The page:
Various letters opposing the decision, including one from the including one from the nuclear consultation group: It was suggested that our fears about radioactive wastes presenting a risk in perpetuity are scaremongering and that other countries, notably France, “seem to manage” their wastes quite nicely. The fact is that there is nowhere in the world – not even France – which has yet developed a proven or accepted method for the long-term management of these wastes. New-build would add an undefined and continuing burden of wastes, imposing incalculable risks on specific communities and future generations.
Guardian 9th Jan 2008 more >>
Letter from John Robertson MP: The argument for nuclear power, far from being redundant, is strengthened by the decisions taken by npower and other energy companies that will continue to increase prices and claim they have no choice but to compete in the world market for finite sources of energy. Nuclear power is a logical, safe and core source of energy that will reduce our dependence on imports and market fluctuations.
Herald 9th Jan 2008 more >>
The UK decision could light a beacon for the beleaguered nuclear industry in other parts of Europe, where opposition to the technology remains strong.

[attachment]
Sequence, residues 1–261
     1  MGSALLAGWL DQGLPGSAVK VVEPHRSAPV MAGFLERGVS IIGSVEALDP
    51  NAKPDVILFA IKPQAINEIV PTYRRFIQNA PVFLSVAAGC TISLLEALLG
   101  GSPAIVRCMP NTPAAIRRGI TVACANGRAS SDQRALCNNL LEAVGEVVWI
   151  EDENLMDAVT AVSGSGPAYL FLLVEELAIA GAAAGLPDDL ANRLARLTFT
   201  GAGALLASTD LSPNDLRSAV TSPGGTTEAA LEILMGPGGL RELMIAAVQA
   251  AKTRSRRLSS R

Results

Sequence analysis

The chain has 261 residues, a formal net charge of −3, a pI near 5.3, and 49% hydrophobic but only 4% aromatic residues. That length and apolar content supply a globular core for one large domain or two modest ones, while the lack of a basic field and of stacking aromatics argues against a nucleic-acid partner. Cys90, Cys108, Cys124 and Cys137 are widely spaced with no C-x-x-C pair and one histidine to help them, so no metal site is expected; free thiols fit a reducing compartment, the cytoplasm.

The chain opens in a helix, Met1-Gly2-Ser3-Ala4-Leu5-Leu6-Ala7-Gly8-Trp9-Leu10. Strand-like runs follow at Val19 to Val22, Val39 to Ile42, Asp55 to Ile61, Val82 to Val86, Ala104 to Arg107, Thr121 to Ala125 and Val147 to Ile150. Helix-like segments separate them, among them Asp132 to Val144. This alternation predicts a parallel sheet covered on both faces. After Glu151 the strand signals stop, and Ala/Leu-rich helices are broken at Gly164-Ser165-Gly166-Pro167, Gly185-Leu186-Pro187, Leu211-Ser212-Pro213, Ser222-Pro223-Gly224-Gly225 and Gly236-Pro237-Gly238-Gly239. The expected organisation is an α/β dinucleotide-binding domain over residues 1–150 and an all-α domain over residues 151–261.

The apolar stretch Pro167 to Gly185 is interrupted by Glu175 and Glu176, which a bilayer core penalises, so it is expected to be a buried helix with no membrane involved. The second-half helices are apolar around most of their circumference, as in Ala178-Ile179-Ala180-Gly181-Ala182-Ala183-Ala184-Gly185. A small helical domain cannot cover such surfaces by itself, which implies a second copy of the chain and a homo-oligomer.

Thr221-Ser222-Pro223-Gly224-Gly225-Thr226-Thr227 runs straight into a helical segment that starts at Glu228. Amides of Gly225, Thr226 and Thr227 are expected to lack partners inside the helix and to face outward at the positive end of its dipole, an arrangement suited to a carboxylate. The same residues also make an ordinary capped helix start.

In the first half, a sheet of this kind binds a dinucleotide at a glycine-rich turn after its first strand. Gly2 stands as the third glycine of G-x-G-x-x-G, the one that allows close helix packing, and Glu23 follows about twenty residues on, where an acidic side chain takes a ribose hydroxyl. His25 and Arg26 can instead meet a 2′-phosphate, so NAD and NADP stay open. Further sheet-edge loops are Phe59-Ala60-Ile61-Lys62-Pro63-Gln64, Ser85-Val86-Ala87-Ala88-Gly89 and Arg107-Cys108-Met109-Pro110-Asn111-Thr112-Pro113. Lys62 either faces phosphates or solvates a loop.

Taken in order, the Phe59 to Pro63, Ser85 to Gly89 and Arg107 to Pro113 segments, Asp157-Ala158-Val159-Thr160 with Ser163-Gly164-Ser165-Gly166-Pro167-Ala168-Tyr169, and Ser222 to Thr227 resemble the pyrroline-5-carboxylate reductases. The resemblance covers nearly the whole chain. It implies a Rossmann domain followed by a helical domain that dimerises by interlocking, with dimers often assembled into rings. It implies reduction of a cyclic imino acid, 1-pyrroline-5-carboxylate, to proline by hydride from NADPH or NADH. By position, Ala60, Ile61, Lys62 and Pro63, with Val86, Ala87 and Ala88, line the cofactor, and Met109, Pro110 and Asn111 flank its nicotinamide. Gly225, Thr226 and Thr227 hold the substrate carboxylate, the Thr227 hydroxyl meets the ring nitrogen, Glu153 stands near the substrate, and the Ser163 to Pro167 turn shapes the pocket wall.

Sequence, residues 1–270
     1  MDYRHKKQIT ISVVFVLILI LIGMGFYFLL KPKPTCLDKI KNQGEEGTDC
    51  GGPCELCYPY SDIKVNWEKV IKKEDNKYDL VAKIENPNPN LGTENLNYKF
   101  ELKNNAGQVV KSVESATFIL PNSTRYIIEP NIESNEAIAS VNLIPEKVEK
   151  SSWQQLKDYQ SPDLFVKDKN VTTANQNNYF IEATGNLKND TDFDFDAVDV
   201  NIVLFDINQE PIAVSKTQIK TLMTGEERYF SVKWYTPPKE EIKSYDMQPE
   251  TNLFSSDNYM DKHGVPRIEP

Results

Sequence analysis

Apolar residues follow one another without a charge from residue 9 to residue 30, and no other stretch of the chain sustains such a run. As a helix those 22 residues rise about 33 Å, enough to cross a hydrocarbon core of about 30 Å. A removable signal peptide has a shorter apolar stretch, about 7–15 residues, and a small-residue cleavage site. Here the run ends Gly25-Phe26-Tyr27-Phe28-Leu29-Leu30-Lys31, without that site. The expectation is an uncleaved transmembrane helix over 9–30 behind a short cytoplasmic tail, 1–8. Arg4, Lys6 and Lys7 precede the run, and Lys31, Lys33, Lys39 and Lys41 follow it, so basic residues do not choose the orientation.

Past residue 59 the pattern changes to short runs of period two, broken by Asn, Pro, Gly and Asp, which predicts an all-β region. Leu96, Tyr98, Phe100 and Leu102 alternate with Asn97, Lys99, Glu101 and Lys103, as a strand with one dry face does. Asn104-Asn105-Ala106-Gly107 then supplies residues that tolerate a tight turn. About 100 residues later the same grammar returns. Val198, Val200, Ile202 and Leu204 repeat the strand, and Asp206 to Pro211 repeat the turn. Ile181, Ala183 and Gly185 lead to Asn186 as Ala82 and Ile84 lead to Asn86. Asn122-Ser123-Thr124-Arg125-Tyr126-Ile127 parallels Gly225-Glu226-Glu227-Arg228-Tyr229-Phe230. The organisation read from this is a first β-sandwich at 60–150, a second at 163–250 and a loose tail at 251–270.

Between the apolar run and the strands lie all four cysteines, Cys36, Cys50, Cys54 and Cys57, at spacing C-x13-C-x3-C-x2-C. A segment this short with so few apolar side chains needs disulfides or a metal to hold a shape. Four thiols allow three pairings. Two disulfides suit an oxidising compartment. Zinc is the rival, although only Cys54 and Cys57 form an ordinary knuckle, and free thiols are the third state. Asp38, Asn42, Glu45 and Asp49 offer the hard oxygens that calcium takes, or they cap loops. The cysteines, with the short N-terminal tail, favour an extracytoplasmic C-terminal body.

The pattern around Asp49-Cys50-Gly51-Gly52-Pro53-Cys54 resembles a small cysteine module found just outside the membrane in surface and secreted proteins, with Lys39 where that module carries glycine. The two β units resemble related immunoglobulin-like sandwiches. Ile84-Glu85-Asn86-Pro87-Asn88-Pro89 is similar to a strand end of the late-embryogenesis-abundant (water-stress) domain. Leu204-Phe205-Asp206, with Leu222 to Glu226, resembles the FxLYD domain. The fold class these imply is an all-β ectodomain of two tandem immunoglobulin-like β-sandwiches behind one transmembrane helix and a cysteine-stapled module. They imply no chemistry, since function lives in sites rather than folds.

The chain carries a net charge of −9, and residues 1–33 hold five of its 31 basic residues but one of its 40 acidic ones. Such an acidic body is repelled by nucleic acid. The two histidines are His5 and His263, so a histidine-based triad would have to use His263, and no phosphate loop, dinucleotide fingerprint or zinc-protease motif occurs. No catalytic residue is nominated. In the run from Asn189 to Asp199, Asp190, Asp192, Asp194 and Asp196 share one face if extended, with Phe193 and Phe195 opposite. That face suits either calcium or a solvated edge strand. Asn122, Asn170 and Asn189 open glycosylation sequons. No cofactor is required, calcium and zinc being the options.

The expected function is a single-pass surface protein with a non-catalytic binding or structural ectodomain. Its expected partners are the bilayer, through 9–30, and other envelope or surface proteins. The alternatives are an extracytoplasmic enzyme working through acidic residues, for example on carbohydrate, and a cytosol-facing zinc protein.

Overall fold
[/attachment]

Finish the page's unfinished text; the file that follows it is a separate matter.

IHT 8th Jan 2008 more >>
Planet Ark 8th Jan 2008 more >>
Britain expects the cost of handling the waste and decommissioning of a new generation of nuclear reactors to add about one percent to the cost of power produced, a source familiar with government thinking said.
Planet Ark 9th Jan 2008 more >>
Reuters 8th Jan 2008 more >>
Greenpeace reaction to suggestions that the government will announce support for new nuclear power stations this week, Greenpeace executive director John Sauven said: “Going for nuclear allows politicians like Gordon Brown to project the impression that they are taking difficult decisions to solve difficult problems when they are doing nothing of the sort. In reality new nuclear power stations simply will not solve our energy problems and that’s because there’s a lie at the heart of the government’s energy policy. Nuclear power can only deliver a 4 per cent cut in carbon emissions some time after 2025. That’s too little, and too late, while generations to come will be left with an expensive legacy of our nuclear waste to clean up. “